Friday, September 15, 2006

Massachusetts elections next Tuesday

Hey Massholes, trying to decide who to vote for in the upcoming election? This year's biggest race is for Governor. Here are a couple of useful links for information- has user-friendly info on where the candidates stand on several important issues, and here's a more extensive, but more cumbersome issues website.

DCoE is endorsing Deval Patrick. I also like Gabrieli, and Reilly scores points for being the only candidate whose children attended public schools. However, Patrick's stance on several campaign issues is closest to mine. He's pro Cape Cod wind farm, pro stem cell research, pro gay marriage, and he's the only candidate who addresses the recent increase in gang-related gun violence in the city of Boston. Plus, I like how he doesn't dangle the tax rollback out to the voters. All of the other candidates are preaching rolling back the income tax from 5.3% to 5%, as if that 0.3% is the answer to everyone's problems. That 0.3% translates to about $240 for a family of four earning $100,000, which means it would probably only save me about $70 a year. Big fuckin' whoop. I'd rather have more affordable housing, a higher paying job, better health insurance, a safer community, improved public transportation, or a myriad of other things than $70 extra bucks in my pocket.

One last thing- if you don't vote, you have no right to complain about your government.


Beth said...

I like your last comment the best. It's really awful that more people vote for American Idol! Working for the government has completely jaded me, but I am still going to vote, dammit!

Beth said...

Oh yeah, I actually liked your whole post, but I don't really follow politics in your crazy state. I am surprised no one has proposed doubling the size of Fenway and Gillette Stadium - they'd win in a landslide :-)

eileen said...

Yeah, it bugs me when people who don't vote whine about the government.
Mass politics ARE crazy- how weird is it that we have a Mormon Republican governor?

Anonymous said...


How do you propose you get affordable housing, a higher paying job, better health insurance, a safer community and improved public transportation? I am sure you have some ideas as to how these things can happen, right?

eileen said...

I don't have the answers, either, but I'd rather hear candidates talking about these issues then acting like the proposed tax rollback is going to improve the quality of life here in the commonwealth. Saving $240 a year isn't going to prevent young professionals from moving out-of-state (a big talking point this election), but lower real estate prices and better paying jobs might.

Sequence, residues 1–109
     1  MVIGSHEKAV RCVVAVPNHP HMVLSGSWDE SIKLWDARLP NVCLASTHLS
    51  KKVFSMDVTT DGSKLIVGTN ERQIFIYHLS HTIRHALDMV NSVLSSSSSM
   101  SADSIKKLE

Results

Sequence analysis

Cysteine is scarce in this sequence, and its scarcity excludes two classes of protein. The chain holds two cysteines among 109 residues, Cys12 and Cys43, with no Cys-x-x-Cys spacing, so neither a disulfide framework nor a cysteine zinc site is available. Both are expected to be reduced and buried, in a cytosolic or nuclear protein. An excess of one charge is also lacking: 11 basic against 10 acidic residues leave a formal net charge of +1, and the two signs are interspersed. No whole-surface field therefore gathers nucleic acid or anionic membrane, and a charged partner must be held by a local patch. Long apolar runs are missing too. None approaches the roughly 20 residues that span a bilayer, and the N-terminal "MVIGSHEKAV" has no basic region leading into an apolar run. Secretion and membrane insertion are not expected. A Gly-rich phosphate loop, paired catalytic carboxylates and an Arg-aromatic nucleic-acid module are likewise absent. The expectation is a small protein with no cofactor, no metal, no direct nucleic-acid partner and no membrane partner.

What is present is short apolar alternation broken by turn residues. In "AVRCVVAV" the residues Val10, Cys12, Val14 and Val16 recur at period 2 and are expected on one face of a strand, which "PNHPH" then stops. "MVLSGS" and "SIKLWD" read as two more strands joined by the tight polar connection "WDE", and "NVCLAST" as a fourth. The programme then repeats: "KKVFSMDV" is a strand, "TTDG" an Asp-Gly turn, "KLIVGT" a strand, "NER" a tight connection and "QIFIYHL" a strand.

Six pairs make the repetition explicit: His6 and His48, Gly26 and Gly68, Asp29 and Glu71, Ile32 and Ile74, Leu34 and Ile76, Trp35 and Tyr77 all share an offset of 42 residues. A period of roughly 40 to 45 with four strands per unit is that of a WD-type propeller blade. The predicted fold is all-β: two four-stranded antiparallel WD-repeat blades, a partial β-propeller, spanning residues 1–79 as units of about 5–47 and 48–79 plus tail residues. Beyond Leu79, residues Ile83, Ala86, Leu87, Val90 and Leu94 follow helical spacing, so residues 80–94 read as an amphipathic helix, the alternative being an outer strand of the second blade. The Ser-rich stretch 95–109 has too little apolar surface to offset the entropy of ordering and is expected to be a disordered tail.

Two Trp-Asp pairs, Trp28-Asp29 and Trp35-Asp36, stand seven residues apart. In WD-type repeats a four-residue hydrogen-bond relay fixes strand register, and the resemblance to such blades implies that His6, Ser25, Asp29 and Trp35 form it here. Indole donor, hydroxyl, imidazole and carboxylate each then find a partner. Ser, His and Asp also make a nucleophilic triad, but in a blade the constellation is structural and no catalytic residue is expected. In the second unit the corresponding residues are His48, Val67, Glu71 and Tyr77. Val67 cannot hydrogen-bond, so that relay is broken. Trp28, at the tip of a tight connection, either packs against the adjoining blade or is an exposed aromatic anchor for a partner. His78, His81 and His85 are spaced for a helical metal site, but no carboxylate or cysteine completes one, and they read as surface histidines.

Anonymous said...

Local government has no real control over real estate prices. Sure they could lower property taxes, but where would they make up for that loss of cash? Boston is one of the hottest real estate markets, which unfortunately screws those trying to live there. You could move to Quincy, Revere, or Chelsea and pay lower rent, and still live close to the city.

Better paying jobs? Once again they could cut taxes that companies pay, but once again where do they make up for that lack of income.

Better healthcare? You could always pay more for better health care.

Safer communities? Well when the city doesn't have money to pay for Firemen or Police, so this is a tough one. The government could help here with stricter gun laws (Mass. already has some of the strictest), mandatory sentences, and teen curfews. But I doubt those would pass. Another solution, move to the suburbs.

Improved Public transportation? Everytime the MBTA tries to raise fares people complain. Compared to other cities where you have to pay per ride getting discounts on every 10th or whatever, Boston has a pretty sweet deal if you buy the monthly pass it's unlimited trips. Sure the buses/trains could be in better shape. But imagine the costs that is spent on cleaning graffitti alone? And the added cost of cleaning because those people who leave their Metros and Dunkin Donut cups on the train instead of taking them with them. If the riders don't take care of the trains, why should the MBTA?

I think people should vote, and I agree it does give them some right to complain, but it can't stop there. You need to be more active than that. If you're upset with something, call your congressman or congresswoman. Show up at Town Meetings. Don't complain about the guy in office, do something to get someone else better in there. Or else, don't complain.

eileen said...

Thanks for the insightful post, Anonymous. I obviously realize that the government does not control real state prices and the job market, but I prefer it when politicians discuss these and other issues rather than throwing a bone to the voters by promising lower taxes and whatnot. Remember to vote in the primary today, everyone! Well, maybe just registered Democrats, because I don't think there are any important races for Republicans.

Lori said...

I completely agreed with your statement about Deval's tax stance. Every election candidates ride the tax wave which proves fruitless in the end.